Xenophobic attacks are said to have resurfaced again in South Africa. Non-citizens are living in fear currently, including Ghanaians.
A Ghanaian citizen living in South Africa, Owura Kofi has alleged that government officials in South Africa stoke the flames of xenophobia anytime they go on political campaigns and rallies, blaming the hardships in the country on non-citizens.
He claimed that the Ghana High Commission in South Africa was not forthcoming with support for Ghanaians who were under persecution in the country.
His claims come after the Ghana High Commission in Pretoria, South Africa, warned Ghanaians in the country of a possible xenophobic attack this month.
“Kindly be advised that lately, there have been increasing protests by various organised groups in South Africa protesting against the presence of foreigners in the country,” a statement said.
But speaking on GTV’s Breakfast show with Thelma Thackie, Owura disclosed that after the most recent xenophobic attacks in which their shops were looted, no support was given to registered and non-registered Ghanaian citizens living in South Africa.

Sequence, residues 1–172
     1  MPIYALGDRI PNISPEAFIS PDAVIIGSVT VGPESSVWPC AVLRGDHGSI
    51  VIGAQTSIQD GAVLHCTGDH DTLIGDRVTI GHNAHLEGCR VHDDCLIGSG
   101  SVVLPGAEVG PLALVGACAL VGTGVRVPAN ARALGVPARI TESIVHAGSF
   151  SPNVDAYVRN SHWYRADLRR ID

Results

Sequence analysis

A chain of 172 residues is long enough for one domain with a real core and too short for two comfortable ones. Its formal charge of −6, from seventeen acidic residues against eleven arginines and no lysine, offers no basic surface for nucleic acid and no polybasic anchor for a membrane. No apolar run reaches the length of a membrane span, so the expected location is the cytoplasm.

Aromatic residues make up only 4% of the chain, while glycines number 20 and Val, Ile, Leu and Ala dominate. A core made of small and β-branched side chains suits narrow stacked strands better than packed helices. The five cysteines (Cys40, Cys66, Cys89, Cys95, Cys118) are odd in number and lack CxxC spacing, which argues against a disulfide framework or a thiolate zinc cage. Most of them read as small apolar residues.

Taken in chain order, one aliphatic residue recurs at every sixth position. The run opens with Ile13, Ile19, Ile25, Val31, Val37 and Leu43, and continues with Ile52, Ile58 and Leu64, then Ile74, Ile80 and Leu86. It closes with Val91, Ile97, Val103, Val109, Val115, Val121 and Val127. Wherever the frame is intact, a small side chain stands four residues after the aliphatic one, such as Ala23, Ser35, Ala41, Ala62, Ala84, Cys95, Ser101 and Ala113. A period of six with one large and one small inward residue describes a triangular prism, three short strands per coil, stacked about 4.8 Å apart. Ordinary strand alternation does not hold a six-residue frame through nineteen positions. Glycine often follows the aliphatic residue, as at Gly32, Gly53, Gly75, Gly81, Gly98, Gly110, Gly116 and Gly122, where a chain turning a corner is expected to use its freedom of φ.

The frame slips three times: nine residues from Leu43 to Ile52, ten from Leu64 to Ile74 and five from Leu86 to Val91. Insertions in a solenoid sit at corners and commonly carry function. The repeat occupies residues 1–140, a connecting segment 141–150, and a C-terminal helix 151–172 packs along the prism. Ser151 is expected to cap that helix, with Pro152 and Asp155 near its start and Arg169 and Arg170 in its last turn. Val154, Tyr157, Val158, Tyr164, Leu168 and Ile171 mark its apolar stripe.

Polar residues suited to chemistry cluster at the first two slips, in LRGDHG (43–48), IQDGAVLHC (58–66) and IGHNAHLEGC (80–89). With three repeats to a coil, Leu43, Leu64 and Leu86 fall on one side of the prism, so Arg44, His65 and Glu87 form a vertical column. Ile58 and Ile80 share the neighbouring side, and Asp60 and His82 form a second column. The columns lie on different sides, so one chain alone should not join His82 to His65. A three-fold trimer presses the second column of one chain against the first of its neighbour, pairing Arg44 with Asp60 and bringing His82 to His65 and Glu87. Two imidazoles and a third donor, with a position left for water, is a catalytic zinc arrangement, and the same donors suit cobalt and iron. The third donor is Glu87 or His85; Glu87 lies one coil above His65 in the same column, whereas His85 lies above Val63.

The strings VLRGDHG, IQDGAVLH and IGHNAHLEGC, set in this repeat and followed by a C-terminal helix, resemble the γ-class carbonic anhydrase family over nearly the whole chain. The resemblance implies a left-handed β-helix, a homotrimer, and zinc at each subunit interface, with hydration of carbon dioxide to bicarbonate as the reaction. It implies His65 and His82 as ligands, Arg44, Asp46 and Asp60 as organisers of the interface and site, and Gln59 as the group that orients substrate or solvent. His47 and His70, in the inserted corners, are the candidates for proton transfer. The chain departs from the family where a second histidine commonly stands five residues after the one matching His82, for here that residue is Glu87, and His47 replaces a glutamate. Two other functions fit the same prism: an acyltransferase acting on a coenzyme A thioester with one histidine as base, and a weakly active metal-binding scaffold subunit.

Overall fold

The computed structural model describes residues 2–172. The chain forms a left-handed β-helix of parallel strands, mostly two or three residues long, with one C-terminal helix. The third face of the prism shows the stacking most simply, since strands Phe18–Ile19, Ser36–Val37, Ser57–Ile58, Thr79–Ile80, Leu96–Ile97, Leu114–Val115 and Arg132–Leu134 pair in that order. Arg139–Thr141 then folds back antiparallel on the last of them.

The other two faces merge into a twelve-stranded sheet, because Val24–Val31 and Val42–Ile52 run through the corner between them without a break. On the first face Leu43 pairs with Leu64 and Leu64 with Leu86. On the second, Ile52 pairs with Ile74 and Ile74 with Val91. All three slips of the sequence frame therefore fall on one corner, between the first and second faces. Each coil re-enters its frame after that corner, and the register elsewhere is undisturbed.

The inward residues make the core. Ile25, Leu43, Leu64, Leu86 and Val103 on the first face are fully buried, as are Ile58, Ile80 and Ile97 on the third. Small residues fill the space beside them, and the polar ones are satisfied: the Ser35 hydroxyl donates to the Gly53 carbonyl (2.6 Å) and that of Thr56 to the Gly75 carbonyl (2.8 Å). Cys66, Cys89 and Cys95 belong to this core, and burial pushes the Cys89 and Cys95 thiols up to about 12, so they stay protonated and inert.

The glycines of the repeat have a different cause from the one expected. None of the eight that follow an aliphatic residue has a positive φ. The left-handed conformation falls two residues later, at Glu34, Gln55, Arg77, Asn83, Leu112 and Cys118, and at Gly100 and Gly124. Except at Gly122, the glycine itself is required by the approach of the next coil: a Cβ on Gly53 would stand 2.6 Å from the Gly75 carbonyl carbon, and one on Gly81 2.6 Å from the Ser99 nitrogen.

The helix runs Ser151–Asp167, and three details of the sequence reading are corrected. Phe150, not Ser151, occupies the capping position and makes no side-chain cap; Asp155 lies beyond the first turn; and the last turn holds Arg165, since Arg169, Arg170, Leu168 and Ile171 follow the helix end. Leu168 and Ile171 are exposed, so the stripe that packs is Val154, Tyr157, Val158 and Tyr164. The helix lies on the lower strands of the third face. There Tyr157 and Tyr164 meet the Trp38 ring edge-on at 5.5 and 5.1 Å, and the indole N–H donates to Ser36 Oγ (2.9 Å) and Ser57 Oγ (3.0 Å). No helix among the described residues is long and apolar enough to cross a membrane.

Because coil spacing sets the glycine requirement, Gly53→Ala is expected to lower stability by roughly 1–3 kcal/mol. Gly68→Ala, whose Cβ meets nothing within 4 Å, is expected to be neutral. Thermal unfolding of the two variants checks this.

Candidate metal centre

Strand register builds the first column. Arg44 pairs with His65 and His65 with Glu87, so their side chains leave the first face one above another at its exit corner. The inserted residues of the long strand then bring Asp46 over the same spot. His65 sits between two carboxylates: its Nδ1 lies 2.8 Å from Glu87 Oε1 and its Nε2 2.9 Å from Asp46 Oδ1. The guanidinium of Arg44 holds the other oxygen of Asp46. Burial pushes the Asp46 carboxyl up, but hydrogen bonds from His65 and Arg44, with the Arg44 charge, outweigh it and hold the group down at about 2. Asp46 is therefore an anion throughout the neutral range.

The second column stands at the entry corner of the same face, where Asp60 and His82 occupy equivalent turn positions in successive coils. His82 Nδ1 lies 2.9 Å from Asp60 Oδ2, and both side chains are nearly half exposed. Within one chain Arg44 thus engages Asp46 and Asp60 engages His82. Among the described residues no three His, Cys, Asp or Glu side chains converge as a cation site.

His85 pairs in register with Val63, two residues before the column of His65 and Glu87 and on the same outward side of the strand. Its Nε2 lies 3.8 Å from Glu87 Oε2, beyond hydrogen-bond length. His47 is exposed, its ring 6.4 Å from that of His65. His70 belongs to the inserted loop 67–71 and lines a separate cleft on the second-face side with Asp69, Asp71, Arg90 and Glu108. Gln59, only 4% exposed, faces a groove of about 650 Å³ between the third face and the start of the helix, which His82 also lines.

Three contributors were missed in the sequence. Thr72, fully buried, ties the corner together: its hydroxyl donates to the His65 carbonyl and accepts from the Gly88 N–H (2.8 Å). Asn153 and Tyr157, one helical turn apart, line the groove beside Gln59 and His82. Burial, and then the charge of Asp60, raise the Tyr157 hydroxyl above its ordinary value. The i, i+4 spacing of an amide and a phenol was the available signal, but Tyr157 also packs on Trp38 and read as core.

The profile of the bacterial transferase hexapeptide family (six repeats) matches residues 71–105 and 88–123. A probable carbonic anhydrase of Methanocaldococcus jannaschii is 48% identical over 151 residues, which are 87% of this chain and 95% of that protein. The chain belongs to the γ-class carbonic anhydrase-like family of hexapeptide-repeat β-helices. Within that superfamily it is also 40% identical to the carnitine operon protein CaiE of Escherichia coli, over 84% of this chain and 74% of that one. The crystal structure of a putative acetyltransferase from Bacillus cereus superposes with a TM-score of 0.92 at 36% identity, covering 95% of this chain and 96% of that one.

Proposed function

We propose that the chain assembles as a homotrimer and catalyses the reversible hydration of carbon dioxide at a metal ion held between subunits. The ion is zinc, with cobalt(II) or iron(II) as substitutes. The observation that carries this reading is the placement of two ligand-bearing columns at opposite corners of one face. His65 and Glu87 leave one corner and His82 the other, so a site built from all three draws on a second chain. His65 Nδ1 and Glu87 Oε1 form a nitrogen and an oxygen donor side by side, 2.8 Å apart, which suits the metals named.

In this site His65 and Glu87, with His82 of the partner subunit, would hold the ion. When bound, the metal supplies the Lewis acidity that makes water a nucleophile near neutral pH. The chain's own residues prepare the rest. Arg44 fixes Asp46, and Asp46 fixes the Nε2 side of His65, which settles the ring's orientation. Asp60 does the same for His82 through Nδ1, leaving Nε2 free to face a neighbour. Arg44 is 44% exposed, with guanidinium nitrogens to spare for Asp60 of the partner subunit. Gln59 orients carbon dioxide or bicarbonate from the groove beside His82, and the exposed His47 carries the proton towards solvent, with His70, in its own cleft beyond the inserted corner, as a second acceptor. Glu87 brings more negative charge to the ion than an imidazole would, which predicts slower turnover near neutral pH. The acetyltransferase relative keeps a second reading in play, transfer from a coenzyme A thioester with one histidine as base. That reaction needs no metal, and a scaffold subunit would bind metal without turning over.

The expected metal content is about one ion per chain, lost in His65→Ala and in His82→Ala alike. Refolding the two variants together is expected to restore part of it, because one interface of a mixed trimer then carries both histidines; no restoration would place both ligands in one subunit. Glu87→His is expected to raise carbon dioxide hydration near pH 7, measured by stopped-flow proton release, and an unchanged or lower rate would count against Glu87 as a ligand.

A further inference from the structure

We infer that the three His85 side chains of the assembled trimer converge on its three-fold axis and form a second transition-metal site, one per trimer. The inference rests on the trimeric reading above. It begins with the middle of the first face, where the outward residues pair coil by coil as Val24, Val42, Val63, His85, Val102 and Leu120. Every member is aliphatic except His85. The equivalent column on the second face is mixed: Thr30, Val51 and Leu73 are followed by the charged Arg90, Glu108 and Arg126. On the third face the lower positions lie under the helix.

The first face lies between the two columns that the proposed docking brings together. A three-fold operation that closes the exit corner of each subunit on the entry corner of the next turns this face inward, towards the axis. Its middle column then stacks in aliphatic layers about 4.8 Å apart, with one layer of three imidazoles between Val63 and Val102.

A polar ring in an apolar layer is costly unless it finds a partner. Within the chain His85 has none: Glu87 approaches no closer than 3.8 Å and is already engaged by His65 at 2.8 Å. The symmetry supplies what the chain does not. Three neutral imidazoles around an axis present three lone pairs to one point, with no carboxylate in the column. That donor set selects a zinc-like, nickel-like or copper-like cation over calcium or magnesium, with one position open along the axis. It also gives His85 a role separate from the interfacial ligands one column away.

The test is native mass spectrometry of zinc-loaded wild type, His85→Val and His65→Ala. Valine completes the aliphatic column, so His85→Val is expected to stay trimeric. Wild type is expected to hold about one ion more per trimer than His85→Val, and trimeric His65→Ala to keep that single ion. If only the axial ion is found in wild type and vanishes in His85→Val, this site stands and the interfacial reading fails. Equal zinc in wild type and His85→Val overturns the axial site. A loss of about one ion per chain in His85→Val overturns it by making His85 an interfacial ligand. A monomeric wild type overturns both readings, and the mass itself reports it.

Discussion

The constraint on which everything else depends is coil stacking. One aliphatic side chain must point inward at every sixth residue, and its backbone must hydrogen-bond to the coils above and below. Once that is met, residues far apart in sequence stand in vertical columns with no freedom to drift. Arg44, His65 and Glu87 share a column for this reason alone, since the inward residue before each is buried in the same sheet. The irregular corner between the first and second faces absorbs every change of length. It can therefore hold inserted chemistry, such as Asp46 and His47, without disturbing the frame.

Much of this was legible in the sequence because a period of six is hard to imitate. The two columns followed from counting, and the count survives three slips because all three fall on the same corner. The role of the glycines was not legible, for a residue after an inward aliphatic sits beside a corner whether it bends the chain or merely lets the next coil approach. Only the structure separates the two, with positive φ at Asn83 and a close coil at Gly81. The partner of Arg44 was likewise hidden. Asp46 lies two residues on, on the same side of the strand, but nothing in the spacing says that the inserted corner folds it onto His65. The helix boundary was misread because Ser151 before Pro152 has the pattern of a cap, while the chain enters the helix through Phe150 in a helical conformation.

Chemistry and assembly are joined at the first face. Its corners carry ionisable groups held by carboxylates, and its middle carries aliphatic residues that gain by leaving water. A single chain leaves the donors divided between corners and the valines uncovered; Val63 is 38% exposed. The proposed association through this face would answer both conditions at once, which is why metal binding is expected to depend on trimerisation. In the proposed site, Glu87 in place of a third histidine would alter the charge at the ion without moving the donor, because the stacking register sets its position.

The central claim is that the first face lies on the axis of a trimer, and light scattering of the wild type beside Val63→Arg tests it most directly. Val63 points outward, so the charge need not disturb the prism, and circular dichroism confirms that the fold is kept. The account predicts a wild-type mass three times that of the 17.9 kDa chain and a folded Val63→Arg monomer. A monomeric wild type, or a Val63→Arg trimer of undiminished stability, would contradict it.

He, therefore, appealed for more proactive measures to be taken to safeguard non-citizens doing business and other engagements in South Africa.
After Apartheid in the early 1940s, xenophobic attacks started in South Africa around 2008, according to reports, human rights experts have urged private and public actors to honour their commitments to human rights and racial justice, and take a firm stand against the racist and xenophobic violence that continues in the country.
UN experts have been in official communication with the South African Government to address these allegations and clarify its obligations under international law. The recent rape of eight women who were filming a music video when they were set upon by dozens of men, robbed and raped at a mine dump in Krugersdorp, west of Johannesburg, reignited xenophobic sentiment in South Africa.
The incident triggered wide public outrage. In Krugersdorp and nearby communities, mobs helped police in raids to identify and arrest more than 100 suspects. Some of them are undocumented migrants from Lesotho and other neighboring countries.
In some cases of mob attacks on foreigners, some are assaulted, others stripped naked and paraded through streets. The residents blame undocumented migrants for crimes in the area, with some openly vowing to take the law into their own hands.
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Source: My Joy Online
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